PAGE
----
NASHVILLE - A national political action committee that has worked to unseat Republican U.S. senators in other states' primary elections is criticizing Tennessee's Lamar Alexander and would like to see him replaced with "a strong, principled conservative," the PAC's executive director said Tuesday.
"This issue with the museum and his support for earmarks in the past is just another reason folks in Tennessee should have a choice," said Matt Hoskins of Senate Conservatives Fund. "He has a pretty liberal record - it looks a lot like a Democrat profile ... and he's been on our radar screen for a while, even before this."
The SCF news release says Alexander was "caught coordinating with a state museum on its plans to use a $44,000 traveling exhibit to promote him during his re-election campaign" after the senator "secured a $400,000 earmark for the museum in 2009."
"The fact that the museum wanted to create an exhibit like this for Sen. Alexander is not surprising," said Hoskins in the news release. "After he got them the earmark, I'm sure they felt compelled to return the favor. It's how the earmark game is played - 'you scratch my back and I will scratch your back.' But while the politicians win this game, the taxpayers lose."
The Tennessee State Museum recently canceled plans for a traveling exhibit on Alexander's tenure as governor of Tennessee after concerns were voiced about it coinciding with the senator's re-election campaign. The exhibit tour is now planned for 2015, after next year's election, with Alexander and museum officials insisting no political considerations were involved.
An Alexander spokesman has declared efforts to link the exhibit to the 2009 earmark for the museum "a silly political stretch."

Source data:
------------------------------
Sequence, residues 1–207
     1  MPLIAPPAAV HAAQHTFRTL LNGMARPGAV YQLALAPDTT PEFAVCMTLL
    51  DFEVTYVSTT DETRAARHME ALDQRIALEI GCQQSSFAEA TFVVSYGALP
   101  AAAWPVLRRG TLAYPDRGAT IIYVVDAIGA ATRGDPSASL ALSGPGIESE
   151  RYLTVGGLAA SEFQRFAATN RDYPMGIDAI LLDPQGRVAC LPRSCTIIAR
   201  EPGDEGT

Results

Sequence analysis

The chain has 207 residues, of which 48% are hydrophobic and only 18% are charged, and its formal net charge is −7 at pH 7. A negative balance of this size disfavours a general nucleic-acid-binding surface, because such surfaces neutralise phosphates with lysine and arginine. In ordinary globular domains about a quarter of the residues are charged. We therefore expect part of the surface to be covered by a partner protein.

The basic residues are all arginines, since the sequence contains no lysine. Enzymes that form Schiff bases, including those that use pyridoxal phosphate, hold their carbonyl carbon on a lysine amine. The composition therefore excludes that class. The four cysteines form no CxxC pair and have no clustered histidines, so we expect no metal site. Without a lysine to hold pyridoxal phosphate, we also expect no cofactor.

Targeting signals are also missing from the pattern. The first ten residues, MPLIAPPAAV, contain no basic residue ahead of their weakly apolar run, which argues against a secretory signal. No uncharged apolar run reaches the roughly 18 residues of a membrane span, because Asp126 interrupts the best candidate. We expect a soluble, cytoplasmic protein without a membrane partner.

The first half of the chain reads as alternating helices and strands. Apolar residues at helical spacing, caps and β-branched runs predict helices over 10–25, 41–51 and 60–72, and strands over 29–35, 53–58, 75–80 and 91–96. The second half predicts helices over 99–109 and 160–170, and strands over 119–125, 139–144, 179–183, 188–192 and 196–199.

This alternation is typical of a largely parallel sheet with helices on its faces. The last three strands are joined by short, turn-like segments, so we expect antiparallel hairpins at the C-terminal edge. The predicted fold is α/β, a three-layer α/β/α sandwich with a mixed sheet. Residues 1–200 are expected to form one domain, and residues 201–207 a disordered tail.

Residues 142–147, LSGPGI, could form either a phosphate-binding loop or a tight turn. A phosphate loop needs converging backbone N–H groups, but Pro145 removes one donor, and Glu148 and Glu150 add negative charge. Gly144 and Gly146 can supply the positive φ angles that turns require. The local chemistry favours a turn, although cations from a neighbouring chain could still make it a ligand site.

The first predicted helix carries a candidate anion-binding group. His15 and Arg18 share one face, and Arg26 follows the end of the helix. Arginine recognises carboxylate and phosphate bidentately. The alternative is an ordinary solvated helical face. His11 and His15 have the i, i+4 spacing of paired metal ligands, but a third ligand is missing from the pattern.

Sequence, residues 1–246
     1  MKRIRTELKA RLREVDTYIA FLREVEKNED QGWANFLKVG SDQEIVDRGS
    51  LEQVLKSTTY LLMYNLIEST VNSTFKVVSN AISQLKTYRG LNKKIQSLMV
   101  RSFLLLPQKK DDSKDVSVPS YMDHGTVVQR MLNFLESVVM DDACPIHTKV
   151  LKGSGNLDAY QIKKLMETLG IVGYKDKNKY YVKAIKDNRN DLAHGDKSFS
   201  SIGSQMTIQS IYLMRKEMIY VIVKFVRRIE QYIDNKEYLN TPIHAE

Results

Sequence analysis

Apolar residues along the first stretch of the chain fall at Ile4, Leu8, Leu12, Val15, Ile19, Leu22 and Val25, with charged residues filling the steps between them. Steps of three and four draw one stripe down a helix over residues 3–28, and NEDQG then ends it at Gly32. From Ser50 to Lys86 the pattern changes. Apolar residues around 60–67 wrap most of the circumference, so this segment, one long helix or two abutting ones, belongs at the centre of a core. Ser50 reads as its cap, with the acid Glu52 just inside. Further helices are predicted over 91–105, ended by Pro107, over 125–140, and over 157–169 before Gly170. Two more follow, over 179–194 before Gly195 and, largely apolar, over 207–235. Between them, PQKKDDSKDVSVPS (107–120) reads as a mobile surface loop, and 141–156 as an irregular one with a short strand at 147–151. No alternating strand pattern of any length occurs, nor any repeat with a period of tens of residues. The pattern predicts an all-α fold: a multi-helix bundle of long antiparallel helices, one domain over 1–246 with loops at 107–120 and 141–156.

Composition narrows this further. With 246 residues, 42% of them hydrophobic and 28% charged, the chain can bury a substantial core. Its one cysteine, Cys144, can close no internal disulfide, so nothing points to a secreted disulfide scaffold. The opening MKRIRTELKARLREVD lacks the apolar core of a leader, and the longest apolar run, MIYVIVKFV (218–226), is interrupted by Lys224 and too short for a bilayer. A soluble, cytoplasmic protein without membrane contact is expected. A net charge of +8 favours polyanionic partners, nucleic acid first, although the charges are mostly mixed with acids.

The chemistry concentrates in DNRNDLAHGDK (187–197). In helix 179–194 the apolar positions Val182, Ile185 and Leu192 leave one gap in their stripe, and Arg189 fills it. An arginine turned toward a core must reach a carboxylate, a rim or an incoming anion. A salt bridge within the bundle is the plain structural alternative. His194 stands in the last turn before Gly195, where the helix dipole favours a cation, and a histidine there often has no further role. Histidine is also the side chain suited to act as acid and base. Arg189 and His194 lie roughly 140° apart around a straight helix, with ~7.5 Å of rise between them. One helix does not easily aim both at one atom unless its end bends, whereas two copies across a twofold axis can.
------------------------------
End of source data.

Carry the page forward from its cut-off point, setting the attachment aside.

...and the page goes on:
SCF spent $16 million on U.S. Senate campaigns in 2012 and about half that in 2010, according to the Center for Responsive Politics. The group's website says it does not support incumbent senators; only challengers. It has supported both winning and losing candidates in the past, two winners last year being Kentucky Sen. Rand Paul and Texas Sen. Ted Cruz.
Asked in an interview who would challenge Alexander in the primary, Hoskins replied, "That's the $10 million question here."
He said that figure was not to suggest a budget for a challenger's campaign and the group is in the process of assessing the prospects for involvement in Tennessee. Hoskins said he believes Alexander would be vulnerable to an appropriate primary opponent and "the grassroots candidate doesn't have to raise as much money as the establishment candidates ... just enough to get a message out."
Hoskins said the group has been "talking to a lot of people in Tennessee," but declined to give any names of prospective candidates.